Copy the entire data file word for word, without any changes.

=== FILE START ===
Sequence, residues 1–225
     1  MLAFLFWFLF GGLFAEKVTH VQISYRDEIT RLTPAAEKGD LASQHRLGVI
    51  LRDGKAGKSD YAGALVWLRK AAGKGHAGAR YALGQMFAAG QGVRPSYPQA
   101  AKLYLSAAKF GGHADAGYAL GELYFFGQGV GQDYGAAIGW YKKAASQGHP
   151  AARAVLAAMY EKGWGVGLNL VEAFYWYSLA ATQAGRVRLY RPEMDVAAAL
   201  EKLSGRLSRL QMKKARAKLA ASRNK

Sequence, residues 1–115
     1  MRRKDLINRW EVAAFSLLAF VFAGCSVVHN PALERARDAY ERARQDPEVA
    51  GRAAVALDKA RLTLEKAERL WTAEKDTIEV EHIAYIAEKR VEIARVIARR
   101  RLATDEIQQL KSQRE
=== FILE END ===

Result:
Sequence, residues 1–225
     1  MLAFLFWFLF GGLFAEKVTH VQISYRDEIT RLTPAAEKGD LASQHRLGVI
    51  LRDGKAGKSD YAGALVWLRK AAGKGHAGAR YALGQMFAAG QGVRPSYPQA
   101  AKLYLSAAKF GGHADAGYAL GELYFFGQGV GQDYGAAIGW YKKAASQGHP
   151  AARAVLAAMY EKGWGVGLNL VEAFYWYSLA ATQAGRVRLY RPEMDVAAAL
   201  EKLSGRLSRL QMKKARAKLA ASRNK

Sequence, residues 1–115
     1  MRRKDLINRW EVAAFSLLAF VFAGCSVVHN PALERARDAY ERARQDPEVA
    51  GRAAVALDKA RLTLEKAERL WTAEKDTIEV EHIAYIAEKR VEIARVIARR
   101  RLATDEIQQL KSQRE